Babies are really cute, but they are a lot of work. They need to have everything done for them. They need to be fed, changed, carried, comforted, and protected. They can’t do anything for themselves. One of the marks of maturity is when children begin to take care of themselves. They start to feed themselves, dress themselves, tie their own shoes and wash themselves in the bathtub.
And while we are delighted as parents when our children take these steps, I expect that we have loftier goals for them. We want them to come to a point where they are able to help others. We want them to clean their room out of courtesy for their sibling roommate. We want them to be a contributing teammate on their athletic team. They are expected to carry out certain chores for the family.
This understanding of physical maturity is true in the spiritual realm as well. Rick Warren, pastor of Saddleback Community Church, posed a probing question, “The mature follower of Jesus stops asking, ‘Who’s going to meet my needs?’ and starts asking, ‘Whose needs can I meet?’ Do you ever ask that question?”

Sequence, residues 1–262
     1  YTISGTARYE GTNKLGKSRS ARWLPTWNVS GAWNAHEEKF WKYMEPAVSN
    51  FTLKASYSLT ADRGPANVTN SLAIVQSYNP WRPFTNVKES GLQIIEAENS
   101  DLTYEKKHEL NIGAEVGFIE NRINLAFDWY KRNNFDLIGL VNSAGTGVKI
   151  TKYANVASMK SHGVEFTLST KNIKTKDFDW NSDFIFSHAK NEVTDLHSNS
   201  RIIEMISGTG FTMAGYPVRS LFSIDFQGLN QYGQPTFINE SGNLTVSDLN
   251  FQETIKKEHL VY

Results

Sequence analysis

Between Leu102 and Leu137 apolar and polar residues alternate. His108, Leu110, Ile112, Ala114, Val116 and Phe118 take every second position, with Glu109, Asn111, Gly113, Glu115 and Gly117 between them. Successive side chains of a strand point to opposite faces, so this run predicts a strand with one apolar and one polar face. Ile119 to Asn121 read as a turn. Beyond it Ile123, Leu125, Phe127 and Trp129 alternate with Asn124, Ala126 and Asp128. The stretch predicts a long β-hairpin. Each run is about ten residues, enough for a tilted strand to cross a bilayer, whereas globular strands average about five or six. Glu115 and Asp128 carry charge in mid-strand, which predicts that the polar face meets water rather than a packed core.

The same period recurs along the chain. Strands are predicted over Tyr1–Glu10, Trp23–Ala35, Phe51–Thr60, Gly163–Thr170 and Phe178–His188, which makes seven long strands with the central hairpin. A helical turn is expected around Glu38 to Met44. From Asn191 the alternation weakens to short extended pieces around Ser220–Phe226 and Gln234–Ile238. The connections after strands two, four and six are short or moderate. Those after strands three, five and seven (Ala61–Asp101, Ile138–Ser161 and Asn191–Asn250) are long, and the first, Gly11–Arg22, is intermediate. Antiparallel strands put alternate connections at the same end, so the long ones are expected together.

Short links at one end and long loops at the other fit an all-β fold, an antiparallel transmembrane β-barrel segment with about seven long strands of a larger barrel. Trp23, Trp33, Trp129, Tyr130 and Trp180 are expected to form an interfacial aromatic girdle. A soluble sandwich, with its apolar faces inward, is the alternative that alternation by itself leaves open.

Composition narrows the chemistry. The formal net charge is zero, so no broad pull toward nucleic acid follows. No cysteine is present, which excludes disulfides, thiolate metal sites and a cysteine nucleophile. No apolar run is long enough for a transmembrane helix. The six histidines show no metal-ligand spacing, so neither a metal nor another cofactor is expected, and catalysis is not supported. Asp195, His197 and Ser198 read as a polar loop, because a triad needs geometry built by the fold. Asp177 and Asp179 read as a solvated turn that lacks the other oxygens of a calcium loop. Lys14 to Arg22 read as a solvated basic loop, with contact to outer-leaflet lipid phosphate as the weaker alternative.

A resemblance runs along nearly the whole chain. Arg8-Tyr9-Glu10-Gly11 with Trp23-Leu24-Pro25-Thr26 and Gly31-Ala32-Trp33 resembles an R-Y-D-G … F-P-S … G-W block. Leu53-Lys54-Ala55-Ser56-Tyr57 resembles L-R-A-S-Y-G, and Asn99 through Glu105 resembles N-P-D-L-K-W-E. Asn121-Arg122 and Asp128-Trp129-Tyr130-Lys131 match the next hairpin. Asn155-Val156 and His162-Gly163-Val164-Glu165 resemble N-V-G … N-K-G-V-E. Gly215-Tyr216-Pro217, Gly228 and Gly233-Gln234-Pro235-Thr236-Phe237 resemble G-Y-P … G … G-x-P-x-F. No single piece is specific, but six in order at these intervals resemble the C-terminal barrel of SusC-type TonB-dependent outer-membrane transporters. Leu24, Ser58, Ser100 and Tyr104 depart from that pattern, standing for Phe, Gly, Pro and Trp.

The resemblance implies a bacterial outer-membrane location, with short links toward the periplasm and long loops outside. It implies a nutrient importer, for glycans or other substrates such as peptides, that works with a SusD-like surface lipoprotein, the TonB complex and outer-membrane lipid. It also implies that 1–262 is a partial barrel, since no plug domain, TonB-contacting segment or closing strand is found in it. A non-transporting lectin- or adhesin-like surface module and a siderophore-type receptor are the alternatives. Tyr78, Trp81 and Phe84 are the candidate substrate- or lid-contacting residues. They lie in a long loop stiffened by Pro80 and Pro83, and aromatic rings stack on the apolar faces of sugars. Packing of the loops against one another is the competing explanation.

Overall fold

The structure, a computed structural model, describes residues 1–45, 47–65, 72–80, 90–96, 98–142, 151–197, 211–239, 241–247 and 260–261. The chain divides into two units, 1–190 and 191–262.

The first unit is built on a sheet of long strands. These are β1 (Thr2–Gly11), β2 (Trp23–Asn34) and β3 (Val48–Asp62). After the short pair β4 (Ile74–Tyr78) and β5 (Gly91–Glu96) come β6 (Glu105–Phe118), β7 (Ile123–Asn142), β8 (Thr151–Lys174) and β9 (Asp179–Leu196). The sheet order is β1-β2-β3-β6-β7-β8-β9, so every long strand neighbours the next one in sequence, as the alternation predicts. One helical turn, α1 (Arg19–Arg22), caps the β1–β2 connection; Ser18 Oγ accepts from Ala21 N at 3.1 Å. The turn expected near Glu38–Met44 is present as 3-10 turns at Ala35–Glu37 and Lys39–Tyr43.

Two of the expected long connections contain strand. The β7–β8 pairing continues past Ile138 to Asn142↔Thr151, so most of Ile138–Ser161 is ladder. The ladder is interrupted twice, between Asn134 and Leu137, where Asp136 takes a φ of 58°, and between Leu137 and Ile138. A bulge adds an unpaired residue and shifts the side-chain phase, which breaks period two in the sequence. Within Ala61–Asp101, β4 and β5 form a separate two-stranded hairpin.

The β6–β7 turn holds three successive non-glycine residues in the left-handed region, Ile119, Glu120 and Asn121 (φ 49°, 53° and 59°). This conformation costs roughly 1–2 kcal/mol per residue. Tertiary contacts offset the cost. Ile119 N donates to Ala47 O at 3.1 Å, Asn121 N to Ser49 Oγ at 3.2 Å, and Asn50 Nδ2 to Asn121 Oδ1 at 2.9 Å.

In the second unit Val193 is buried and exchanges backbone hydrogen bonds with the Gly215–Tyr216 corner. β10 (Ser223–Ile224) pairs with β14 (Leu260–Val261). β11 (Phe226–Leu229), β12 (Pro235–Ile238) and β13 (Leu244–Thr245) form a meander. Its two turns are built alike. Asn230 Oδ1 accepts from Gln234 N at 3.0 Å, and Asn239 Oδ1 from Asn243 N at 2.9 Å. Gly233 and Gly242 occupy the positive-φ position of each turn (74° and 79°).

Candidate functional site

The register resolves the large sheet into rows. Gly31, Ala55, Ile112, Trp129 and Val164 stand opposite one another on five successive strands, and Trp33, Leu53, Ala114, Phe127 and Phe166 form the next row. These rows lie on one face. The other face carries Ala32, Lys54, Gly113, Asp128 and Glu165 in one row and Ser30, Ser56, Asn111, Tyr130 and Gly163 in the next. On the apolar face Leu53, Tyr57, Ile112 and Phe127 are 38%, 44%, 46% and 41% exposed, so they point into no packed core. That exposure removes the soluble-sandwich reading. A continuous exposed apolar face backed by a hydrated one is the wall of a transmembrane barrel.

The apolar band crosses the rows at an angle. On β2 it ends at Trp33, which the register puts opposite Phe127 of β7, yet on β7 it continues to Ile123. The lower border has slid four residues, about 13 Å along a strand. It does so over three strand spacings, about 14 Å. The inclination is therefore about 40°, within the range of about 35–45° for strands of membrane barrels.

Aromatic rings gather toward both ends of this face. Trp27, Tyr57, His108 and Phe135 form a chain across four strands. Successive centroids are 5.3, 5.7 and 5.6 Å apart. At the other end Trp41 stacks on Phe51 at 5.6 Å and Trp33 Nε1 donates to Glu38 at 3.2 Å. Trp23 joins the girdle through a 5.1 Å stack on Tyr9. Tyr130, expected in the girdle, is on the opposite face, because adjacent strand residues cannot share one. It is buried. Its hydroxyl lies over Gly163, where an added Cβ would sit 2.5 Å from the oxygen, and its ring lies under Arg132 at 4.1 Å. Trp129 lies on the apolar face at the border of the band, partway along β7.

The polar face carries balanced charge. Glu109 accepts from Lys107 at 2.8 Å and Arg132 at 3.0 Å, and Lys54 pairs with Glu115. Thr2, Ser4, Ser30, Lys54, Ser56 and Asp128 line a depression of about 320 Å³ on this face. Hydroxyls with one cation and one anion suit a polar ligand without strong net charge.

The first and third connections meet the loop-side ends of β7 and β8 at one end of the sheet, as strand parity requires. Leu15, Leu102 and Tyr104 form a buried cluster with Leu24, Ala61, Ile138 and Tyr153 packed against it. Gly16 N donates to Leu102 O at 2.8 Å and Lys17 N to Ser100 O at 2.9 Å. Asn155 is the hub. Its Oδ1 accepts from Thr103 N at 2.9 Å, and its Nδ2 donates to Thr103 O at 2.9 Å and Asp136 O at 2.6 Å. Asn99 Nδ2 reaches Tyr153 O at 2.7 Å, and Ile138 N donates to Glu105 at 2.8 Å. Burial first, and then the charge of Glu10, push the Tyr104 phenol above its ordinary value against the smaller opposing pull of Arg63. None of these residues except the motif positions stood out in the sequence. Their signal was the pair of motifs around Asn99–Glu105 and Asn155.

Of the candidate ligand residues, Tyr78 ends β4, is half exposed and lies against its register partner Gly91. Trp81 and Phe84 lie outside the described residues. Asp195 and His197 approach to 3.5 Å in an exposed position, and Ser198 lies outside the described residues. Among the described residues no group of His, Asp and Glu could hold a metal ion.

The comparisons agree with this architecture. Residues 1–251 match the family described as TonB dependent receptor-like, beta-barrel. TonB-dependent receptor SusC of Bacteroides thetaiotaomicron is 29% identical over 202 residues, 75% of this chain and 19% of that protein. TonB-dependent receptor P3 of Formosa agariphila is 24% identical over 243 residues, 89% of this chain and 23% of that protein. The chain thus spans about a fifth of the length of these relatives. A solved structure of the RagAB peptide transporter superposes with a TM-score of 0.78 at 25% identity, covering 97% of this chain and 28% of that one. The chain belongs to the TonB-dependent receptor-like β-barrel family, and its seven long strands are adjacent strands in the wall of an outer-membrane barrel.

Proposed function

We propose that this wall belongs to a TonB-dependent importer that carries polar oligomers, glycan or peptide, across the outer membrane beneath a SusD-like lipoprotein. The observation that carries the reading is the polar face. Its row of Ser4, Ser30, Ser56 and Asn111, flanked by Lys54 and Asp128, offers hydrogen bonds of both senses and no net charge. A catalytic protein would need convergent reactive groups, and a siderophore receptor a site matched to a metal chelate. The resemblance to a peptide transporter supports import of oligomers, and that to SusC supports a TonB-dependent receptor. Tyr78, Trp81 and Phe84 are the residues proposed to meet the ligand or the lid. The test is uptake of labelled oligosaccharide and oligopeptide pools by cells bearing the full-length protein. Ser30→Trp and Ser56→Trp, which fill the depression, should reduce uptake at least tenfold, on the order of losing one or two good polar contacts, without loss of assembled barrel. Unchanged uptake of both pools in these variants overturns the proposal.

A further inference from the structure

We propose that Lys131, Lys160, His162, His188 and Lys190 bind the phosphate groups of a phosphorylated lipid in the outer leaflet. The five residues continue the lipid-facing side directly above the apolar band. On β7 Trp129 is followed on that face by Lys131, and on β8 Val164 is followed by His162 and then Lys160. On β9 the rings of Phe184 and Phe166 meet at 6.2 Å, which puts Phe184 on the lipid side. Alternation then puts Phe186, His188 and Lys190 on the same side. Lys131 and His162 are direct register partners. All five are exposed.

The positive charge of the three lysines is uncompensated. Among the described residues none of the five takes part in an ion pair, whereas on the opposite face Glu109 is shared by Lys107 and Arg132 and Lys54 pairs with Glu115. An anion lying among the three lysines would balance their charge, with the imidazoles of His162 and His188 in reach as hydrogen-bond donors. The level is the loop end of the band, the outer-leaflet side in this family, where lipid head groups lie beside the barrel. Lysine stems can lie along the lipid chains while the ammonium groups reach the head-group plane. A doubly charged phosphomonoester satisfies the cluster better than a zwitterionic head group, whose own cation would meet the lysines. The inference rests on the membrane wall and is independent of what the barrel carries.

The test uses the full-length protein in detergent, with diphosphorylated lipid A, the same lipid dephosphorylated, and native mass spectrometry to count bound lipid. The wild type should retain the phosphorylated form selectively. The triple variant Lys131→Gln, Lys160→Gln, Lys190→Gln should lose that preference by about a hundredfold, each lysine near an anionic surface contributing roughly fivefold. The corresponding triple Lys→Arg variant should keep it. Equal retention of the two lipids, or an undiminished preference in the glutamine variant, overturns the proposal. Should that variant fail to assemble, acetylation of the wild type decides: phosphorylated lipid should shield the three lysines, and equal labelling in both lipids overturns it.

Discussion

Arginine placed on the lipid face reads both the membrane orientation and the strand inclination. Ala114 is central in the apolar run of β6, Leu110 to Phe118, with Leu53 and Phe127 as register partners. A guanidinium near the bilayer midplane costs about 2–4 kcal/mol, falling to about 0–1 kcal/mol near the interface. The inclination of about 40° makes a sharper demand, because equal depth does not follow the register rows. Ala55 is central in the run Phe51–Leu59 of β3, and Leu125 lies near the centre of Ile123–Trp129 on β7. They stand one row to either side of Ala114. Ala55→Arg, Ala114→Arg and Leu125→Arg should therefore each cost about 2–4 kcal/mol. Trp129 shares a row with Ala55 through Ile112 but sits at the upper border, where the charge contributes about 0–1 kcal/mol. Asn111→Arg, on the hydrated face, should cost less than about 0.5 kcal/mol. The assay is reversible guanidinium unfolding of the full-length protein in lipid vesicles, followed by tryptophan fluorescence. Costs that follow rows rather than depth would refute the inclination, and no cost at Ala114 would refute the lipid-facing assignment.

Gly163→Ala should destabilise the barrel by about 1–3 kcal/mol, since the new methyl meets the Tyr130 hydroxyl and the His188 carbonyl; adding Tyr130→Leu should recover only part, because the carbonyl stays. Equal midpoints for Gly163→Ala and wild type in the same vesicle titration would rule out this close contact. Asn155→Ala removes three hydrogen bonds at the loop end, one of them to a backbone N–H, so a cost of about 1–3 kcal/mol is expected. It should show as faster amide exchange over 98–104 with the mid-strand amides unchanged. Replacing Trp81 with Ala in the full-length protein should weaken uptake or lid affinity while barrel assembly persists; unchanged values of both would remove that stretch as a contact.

Unfortunately, many professing believers never reach this level of maturity. Much has been written in recent years about the juvenilization of the American church. They expect the church to meet their needs with clean facilities, sound teaching and relevant programs, but they feel no obligation to give, serve, commit or contribute to the ministry of the church. Many believers remain in a constant state of evaluating and critiquing the church as outsiders instead of growing up and taking responsibility as members of God’s family.
Based on this definition, are you a mature believer or do you have some growing up to do?
Photo used with permission
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